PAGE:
111 + 112 ≤

1

221 + 222 ≤

2

311 + 312 ≤

3

The appearance of a plot of these inequalities will

depend on the sign of the y value and the diagrams on

the next three pages will help you to appreciate the

different graphs formed by these inequalities. The

shaded region in each graph is the feasibility region.

The classification method is determined by the

number of inequalities and the number of positive

values in the inequalities. The value n before the

nTypem refers to the number of inequalities and m the

number of positive y coefficients.

2

2Type2

There are 2 inequalities.

Both y coefficients are

positive and there are 4

vertices on the feasibility

region.

2Type1

There are 2 inequalities.

Only one y coefficient is

positive and there are 4

vertices on the feasibility

region.

2Type0

There are 2 inequalities.

Both y coefficients are

negative and there are 4

vertices on the feasibility

region.

3

3Type3

There are 3 inequalities.

All 3 y coefficients are

positive and there are 5

vertices on the feasibility

region.

3Type2

There are 3 inequalities.

Two of the y coefficients

are positive and one

negative There are 5

vertices on the feasibility

region.

3Type1

There are 3 inequalities.

One of the y coefficients

is positive and two are

negative There are 5

vertices on the feasibility

region.

4

3Type0

There are 3 inequalities.

All three of the y

coefficients are negative.

There are 4 vertices on

the feasibility region.

You will also need to look at the right hand side of the

inequality, as a brief guide observe the shaded regions

in the following graphs,

− ≤ 0 − ≥ 0

You will note we have not followed the convention of

a broken line for a ≥ or ≤ and a solid line for > or <.

When you see or derive the inequalities in a linear

programming problem, by referring to these diagrams

you will be able to recognise the graph associated

with the inequalities. In the examples in the following

chapters, reference will be made to the graph Type.

5

2 Basic Linear Programming

In linear programming you have an objective function

and a number of inequality constraints. In this chapter

we shall be looking at how your fx-991ES calculator

can be used to find the objective function from two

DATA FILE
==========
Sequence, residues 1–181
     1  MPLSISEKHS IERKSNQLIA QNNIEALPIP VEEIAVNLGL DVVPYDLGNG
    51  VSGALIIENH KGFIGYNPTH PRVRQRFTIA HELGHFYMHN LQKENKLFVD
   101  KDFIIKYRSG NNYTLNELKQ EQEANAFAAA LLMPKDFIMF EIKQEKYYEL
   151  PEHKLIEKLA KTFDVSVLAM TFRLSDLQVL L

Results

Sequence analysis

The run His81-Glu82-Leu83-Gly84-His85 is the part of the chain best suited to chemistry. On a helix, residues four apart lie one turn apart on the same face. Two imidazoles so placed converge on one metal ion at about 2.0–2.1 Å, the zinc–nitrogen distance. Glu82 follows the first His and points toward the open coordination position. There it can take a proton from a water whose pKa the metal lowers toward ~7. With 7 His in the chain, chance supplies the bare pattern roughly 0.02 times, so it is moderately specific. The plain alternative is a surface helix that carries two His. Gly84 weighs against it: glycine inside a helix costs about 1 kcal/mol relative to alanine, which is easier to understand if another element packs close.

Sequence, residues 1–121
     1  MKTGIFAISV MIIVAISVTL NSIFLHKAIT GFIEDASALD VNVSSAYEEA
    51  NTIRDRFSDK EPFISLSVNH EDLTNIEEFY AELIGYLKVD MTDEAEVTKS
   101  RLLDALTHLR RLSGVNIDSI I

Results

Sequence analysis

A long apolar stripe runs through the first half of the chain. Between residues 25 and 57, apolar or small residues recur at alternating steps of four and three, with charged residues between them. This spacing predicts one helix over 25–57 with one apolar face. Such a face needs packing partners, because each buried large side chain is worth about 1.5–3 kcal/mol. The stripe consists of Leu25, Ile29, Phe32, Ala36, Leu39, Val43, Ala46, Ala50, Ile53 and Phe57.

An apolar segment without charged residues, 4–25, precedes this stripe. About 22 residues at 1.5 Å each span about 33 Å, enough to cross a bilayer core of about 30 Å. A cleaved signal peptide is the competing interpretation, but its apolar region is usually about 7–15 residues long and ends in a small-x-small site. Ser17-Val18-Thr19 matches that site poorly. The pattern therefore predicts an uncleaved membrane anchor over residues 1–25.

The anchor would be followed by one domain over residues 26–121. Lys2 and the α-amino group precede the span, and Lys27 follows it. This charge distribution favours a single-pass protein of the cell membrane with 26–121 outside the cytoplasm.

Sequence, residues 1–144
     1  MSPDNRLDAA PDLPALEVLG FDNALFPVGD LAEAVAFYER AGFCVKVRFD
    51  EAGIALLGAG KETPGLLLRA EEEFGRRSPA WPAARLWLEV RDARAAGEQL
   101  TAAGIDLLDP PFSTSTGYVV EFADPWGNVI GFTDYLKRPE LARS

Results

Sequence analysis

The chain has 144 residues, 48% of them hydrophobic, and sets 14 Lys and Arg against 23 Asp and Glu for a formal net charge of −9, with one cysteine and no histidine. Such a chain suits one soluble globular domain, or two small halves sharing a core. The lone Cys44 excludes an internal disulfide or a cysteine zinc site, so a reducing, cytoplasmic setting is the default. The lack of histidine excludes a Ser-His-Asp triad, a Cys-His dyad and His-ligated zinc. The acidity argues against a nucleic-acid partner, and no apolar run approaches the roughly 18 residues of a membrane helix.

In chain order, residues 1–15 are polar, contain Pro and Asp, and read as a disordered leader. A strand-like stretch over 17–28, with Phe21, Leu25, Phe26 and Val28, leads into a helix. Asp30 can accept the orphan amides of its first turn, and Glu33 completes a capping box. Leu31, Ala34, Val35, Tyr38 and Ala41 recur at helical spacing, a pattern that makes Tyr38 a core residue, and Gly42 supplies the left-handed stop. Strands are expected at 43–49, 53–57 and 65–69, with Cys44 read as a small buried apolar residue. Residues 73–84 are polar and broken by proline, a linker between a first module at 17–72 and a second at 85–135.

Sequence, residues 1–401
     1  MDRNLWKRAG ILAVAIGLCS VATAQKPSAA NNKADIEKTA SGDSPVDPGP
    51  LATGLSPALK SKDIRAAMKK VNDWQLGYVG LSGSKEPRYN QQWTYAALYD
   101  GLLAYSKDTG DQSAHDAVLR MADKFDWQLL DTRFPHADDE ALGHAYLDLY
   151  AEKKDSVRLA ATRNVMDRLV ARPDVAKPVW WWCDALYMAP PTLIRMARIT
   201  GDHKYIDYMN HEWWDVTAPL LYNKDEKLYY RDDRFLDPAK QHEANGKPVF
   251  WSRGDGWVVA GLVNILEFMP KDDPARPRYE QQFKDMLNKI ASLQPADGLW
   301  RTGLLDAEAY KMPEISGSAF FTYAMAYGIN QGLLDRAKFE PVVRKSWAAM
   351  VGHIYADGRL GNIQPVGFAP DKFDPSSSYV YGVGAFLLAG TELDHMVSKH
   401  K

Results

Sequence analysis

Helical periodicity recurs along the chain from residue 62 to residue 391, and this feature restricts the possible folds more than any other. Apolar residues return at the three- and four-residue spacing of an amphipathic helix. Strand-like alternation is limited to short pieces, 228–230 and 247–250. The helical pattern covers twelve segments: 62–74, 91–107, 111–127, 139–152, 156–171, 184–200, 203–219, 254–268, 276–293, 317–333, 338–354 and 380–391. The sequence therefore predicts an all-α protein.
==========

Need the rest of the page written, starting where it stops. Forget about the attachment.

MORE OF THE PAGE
constraints only. In effect we shall be using the corner

point method. The objective function is for the form,

= +

2

1

The constraints are of the form,

+ ≤

11

1

12

+ ≤

21

22

2

, ≥ 0

We shall express the constraints in matrix notation,

11 12

1

( ) ( ) = ( )

21 22 1

=

or

−

=

The objective function can be written as,

6

= ( 1 ) ( )

1

or

=

which becomes,

−1

= ( ) 1

When the two constraint equations are plotted, they

often appear as seen in the graph below.

The shaded region, knowns as the feasibility region, is

where the constraint inequalities are valid. The matrix

X gives the coordinate of the intersection and the

values of this coordinate are then used to determine

7

the objective function. Very often the objective

function passes through the intersection corner, but

not exclusively so. This means the intersection

coordinate is not always the optimum solution which

maximises or minimises P. Eq:1 on the previous page

finds the intersection coordinate and the value of the

objective function at that value – this may not be the

optimum solution.

In the following examples set your fx-991ES calculator

to be used in its matrix mode. MatA will be 2 × 2

matrix, MatB will be a 2 × 1 matrix and MatC will be

1 × 2 matrix. Here are some examples to determine

the objective junction.

Example 2.1

Find the maximum value of the objective function,

= 40 + 30

With the constraints,

+ ≤ 240

2 + ≤ 320

This will form a 2Type2 graph (page 3). Set calculator

in matrix mode ((MODE)6);

8

Select 1,

Select 5 as we want MatA to be a 2 × 2 matrix,

Not populate A with the values from the constraint

equations,

1=1=2=1=

Now to populate MatB,

Cq(MATRIX)22

9

Now select option 6,

Enter the following keystrokes,

240=320=